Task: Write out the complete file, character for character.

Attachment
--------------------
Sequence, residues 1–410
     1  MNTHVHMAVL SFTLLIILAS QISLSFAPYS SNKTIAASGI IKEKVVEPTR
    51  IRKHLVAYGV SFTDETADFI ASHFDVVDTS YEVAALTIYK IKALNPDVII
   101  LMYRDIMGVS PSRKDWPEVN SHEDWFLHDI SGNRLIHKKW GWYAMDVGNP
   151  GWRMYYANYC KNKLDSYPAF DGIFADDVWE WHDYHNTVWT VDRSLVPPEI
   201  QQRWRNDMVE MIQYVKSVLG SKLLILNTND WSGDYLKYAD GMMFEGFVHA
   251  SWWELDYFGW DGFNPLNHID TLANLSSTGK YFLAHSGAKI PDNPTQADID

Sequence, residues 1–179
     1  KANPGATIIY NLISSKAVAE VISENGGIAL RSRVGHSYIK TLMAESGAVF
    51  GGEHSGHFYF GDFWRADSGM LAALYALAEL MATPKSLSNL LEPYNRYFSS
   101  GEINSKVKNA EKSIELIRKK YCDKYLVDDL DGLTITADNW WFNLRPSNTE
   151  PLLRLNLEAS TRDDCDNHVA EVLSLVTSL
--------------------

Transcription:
Sequence, residues 1–410
     1  MNTHVHMAVL SFTLLIILAS QISLSFAPYS SNKTIAASGI IKEKVVEPTR
    51  IRKHLVAYGV SFTDETADFI ASHFDVVDTS YEVAALTIYK IKALNPDVII
   101  LMYRDIMGVS PSRKDWPEVN SHEDWFLHDI SGNRLIHKKW GWYAMDVGNP
   151  GWRMYYANYC KNKLDSYPAF DGIFADDVWE WHDYHNTVWT VDRSLVPPEI
   201  QQRWRNDMVE MIQYVKSVLG SKLLILNTND WSGDYLKYAD GMMFEGFVHA
   251  SWWELDYFGW DGFNPLNHID TLANLSSTGK YFLAHSGAKI PDNPTQADID

Sequence, residues 1–179
     1  KANPGATIIY NLISSKAVAE VISENGGIAL RSRVGHSYIK TLMAESGAVF
    51  GGEHSGHFYF GDFWRADSGM LAALYALAEL MATPKSLSNL LEPYNRYFSS
   101  GEINSKVKNA EKSIELIRKK YCDKYLVDDL DGLTITADNW WFNLRPSNTE
   151  PLLRLNLEAS TRDDCDNHVA EVLSLVTSL